An Essay On Syria
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Politics

An Essay On Syria

A response to President Trump's act against Syria and anticipating future military actions.

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An Essay On Syria
The Nation

I am sure we are all aware about Syria. Its civil war has cost the lives of over two hundred and fifty thousand Syrians and has left the world with the worst refugee crisis we have seen since the end of the Vietnam War if not World War Two. I know Bashar al-Assad's most recent alleged chemical attack provoked an outrage in the United States, and even drove President Trump to fire nearly sixty Tomahawk missiles on a Syrian airbase. I'm happy that we're sending a message that government sanctioned terrorism will not be tolerated, but I'm afraid we are toeing a line between intervention and invasion.

I think part of this idea that we have to intervene were injustices take place comes from the idea of American exceptionalism. I believe in American exceptionalism, but I think the idea has gone from one of pride to one of arrogance. For the last fifty years, we have jumped into conflict after conflict believing that America would emerge as the victors due to prior victories from the American War of Independence to World War Two. This mentality has led to a gross underestimation of groups like the Viet Cong, al Qaeda, and the Taliban by politicians here in the United States. Our men and women in the military are well aware of what it takes to fight a war, but political inconvenience often limits what the military is allowed to do. I'm afraid the current administration may see the Syrian conflict as one that will be easy to win.

Something else that the United States must consider is the duration of a war. Due to our exceptionalism, I believe the civilian population thinks war will be a quick "in and out" fight: America goes in, kicks ass, people love us, and then we go... right? Well... no, not really. We saw in Iraq and Afghanistan that a big part of war isn't actually the fighting- which I think there would be a lot of in Syria with government forces, ISIS, and other militias that may or may not be friendly- but the reconstruction of the indigenous infrastructure, as well as a policy called "nation building." Nation building, as I am sure many are aware, is when a nation, sometimes with the assistance of other nations, tries to unite its people and rebuild its infrastructure. It took twelve years for the American Reconstruction to bring the South back on its feet, and some historians say even that was too short of a time. Before you post "We need to attack the oppressive Syrian government!" Ask yourself if you are willing to pay for another ten years of war where Americans are not directly at risk.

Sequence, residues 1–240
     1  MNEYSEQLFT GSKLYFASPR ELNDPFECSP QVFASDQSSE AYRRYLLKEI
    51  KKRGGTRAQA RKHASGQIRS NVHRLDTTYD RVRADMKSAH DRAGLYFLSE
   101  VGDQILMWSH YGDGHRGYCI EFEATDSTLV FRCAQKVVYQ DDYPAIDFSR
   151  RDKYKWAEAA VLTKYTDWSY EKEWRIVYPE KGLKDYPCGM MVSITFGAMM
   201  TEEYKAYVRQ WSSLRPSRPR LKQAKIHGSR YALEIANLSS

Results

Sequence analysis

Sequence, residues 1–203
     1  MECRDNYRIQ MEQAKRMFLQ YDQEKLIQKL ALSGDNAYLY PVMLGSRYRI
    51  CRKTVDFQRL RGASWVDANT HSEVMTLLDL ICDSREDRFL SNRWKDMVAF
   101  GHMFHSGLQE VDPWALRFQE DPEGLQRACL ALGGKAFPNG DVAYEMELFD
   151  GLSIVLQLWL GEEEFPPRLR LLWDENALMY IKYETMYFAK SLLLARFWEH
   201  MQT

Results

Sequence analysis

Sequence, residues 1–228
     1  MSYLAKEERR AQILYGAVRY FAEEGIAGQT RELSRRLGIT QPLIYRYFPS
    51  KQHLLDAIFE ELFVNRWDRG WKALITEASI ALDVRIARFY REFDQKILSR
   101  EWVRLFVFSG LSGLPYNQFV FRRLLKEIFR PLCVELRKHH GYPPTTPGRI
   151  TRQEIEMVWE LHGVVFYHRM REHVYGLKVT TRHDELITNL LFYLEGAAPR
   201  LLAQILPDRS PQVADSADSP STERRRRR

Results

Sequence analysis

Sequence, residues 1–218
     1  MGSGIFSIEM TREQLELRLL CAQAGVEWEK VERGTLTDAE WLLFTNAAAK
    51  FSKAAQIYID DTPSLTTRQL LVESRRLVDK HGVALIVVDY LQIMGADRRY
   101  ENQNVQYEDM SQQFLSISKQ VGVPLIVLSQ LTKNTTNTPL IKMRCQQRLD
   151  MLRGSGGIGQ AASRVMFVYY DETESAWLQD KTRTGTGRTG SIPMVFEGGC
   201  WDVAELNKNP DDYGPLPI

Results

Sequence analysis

That all being said, I am not for an isolationist stance on Syria. What I believe needs to be done- and I believe is already happening- is a few small Special Operations Forces teams being deployed: Navy SEAL teams and Delta Force operators to do small time raids against ISIS troops threatening neutral civilian populations and Army Special Forces (also known as the Green Berets) going in to train some of the Syrian rebel groups both to combat ISIS as well as assist them in their struggle against the Assad government. What I do not want to see is a massive, Persian Gulf War-style invasion of Syria- it costs too much for the United States in terms of both blood and treasure.

Am I heartbroken about what is going on in Syria? Absolutely. Do I believe something needs to be done about these infractions on the rules of war and human rights? Definitely. Do I believe the United States should lead the charge against these infractions? In a very limited capacity, yes. The reason why I'm against a massive hit against Syria is not because I don't care about the Syrian people, it's because I don't want to dragged into another failed nation building campaign.


God bless- DB

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This article has not been reviewed by Odyssey HQ and solely reflects the ideas and opinions of the creator.
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